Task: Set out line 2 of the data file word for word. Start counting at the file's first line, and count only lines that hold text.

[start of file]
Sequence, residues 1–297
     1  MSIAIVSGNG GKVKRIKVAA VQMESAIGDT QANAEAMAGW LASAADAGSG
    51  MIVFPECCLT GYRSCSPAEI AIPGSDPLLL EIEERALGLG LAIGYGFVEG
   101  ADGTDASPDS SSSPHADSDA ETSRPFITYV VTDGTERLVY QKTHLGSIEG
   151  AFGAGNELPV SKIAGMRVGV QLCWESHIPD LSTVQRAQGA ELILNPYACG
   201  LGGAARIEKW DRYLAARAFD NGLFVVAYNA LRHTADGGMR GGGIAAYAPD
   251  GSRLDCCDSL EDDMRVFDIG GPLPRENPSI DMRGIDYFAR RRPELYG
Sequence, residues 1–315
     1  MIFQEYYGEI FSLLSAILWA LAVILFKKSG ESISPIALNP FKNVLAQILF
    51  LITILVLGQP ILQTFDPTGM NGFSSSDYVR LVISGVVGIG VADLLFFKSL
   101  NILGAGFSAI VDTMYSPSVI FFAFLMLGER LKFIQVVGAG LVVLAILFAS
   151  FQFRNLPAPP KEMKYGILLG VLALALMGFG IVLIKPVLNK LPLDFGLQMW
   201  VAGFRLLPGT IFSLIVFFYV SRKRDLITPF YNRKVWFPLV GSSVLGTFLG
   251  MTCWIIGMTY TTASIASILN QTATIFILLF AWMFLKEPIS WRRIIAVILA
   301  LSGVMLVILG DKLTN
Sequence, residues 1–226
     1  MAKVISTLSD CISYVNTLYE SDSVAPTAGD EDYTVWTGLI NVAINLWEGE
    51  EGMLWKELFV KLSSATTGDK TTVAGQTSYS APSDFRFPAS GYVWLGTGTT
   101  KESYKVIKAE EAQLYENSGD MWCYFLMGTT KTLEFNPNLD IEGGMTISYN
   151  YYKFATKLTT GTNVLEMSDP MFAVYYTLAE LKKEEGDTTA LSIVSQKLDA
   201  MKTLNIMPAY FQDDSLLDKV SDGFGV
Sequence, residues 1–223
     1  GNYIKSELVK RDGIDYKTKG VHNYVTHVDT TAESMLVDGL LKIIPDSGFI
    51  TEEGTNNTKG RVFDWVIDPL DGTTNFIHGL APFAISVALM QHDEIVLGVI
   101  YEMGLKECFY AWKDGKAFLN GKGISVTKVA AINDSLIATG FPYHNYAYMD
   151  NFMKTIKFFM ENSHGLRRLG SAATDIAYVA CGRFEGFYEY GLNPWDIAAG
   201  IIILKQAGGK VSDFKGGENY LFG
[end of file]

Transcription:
     1  MSIAIVSGNG GKVKRIKVAA VQMESAIGDT QANAEAMAGW LASAADAGSG